Broadcast: June 1, 2004
This is Steve Ember with the VOA Special English Agriculture Report.
There are sixty-eight million hectares of genetically engineered crops. This is about five percent of all cropland in the world, and expanding. But debate over how best to use this biological technology continues.
Experts compare the rise of biotechnology to the period of change in the nineteen-sixties and seventies. The Green Revolution produced the modern systems and chemicals of agriculture. Productivity increased in many countries.
Today, the United Nations and others are calling for a Gene Revolution. Experts say the world must find new ways to fight hunger and feed its growing population.
But, unlike the Green Revolution, biotechnology has been supported mainly by private investment. Businesses are unwilling to share trade secrets with countries that do not recognize their property rights. Companies also want to earn a profit, so they develop crops for large markets.
Ninety-nine percent of genetically engineered crops are either soybeans, corn, cotton or canola. The U.N. Food and Agriculture Organization says little research has been done on food crops like wheat, rice, potatoes and cassava. An F.A.O. report last month expressed concern that biotechnology is not helping developing nations.
Six countries grew ninety-nine percent of all biotech crops last year: Argentina, Brazil, Canada, China, South Africa and the United States. Almost all these crops have special genes to resist damage by insects or by chemicals used to kill unwanted plants. The F.A.O. says there is little research on biotech plants that could resist crop failure in poor countries, or provide extra vitamins.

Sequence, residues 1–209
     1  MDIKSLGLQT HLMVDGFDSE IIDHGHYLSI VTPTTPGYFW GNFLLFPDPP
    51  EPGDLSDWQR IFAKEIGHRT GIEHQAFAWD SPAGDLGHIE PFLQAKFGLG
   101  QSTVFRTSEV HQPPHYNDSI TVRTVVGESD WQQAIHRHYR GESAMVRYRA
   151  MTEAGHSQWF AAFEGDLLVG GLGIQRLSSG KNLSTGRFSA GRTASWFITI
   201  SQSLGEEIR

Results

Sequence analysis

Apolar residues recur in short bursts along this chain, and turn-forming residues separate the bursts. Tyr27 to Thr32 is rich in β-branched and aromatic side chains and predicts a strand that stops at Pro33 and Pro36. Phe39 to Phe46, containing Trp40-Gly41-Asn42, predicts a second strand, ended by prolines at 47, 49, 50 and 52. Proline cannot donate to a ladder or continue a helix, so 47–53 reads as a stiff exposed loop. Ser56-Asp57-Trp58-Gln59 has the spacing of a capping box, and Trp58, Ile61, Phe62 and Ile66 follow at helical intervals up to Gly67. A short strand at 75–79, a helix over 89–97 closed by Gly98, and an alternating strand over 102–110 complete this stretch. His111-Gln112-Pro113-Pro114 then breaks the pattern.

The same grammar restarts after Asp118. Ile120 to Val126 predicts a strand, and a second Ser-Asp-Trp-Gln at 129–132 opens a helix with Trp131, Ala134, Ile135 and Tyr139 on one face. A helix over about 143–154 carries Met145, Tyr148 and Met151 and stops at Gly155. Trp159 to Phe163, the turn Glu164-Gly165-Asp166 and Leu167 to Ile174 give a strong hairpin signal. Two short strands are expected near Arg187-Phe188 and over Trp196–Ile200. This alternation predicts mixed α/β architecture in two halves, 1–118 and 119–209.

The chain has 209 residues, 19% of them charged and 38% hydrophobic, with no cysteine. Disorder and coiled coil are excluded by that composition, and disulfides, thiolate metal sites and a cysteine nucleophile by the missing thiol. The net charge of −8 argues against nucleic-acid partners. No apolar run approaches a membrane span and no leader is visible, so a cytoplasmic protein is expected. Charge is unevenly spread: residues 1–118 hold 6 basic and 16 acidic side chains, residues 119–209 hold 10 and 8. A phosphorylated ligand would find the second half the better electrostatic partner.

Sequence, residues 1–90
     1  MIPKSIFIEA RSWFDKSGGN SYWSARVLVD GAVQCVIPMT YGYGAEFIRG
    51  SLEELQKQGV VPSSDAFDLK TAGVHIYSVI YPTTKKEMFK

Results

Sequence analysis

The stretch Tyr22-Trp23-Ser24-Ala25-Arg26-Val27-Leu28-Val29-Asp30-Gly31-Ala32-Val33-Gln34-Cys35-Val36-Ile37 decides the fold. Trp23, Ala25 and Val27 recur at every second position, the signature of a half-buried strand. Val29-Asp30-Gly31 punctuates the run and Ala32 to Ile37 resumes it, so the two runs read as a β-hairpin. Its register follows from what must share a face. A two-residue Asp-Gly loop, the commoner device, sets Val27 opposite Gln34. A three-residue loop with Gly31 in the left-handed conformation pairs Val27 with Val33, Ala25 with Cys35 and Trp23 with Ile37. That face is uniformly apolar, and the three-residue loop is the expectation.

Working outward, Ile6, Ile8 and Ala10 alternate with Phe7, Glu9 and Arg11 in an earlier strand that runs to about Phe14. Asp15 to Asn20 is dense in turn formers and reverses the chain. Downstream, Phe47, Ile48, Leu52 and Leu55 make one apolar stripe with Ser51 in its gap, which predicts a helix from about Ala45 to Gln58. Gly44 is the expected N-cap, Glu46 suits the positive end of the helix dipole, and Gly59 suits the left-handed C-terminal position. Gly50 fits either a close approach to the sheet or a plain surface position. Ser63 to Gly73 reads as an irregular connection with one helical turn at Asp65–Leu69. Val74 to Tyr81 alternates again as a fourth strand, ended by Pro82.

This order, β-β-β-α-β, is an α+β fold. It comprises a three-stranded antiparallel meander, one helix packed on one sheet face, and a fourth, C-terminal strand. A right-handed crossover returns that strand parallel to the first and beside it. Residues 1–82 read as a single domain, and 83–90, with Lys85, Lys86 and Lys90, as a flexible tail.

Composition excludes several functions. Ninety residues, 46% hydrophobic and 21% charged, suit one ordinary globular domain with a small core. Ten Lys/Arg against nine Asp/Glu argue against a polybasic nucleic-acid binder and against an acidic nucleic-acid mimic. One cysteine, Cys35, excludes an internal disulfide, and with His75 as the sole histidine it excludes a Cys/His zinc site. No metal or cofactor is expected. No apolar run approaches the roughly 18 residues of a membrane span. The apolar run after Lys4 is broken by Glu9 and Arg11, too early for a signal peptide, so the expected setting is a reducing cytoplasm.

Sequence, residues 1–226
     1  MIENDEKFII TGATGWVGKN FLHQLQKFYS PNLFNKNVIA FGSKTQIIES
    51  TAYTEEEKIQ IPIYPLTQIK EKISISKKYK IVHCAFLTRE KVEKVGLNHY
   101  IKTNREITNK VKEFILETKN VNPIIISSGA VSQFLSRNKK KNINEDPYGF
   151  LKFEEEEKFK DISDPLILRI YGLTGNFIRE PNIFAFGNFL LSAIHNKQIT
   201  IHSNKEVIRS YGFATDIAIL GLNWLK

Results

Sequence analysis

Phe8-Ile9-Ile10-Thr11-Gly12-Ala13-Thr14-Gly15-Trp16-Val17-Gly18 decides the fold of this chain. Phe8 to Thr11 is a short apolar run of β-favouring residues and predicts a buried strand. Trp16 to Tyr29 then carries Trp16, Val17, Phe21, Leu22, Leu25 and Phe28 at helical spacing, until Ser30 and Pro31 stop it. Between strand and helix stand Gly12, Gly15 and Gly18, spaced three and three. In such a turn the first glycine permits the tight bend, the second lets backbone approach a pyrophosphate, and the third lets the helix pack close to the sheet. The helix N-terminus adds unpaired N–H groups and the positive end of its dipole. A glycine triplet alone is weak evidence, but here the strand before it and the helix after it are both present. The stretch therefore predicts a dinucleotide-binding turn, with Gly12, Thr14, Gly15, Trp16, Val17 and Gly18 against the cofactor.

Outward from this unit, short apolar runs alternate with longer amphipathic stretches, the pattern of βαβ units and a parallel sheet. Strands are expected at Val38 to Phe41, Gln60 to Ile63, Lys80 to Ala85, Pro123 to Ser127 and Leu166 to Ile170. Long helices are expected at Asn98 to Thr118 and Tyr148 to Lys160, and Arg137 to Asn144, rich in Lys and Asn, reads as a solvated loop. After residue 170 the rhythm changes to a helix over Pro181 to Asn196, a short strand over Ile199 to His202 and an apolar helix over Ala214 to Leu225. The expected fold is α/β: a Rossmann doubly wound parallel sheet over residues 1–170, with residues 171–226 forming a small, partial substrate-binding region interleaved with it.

Director-General Jacques Diouf says scientists generally agree that foods made from genetically engineered crops are safe to eat. But he adds that little is known about their long-term effects. He also says there is less scientific agreement on the environmental effects, so each product must be carefully observed.
Public opinion is a big issue in the debate. Opponents say there may be unknown health dangers. Some poor nations have refused any food aid that contains genetically engineered products.
Yet the industry has had some successes recently. Last month the European Union ended a six-year suspension of approval for new biotech foods. And Brazil has been moving to let farmers plant genetically engineered soybeans.
This VOA Special English Agriculture Report was written by Mario Ritter. This is Steve Ember.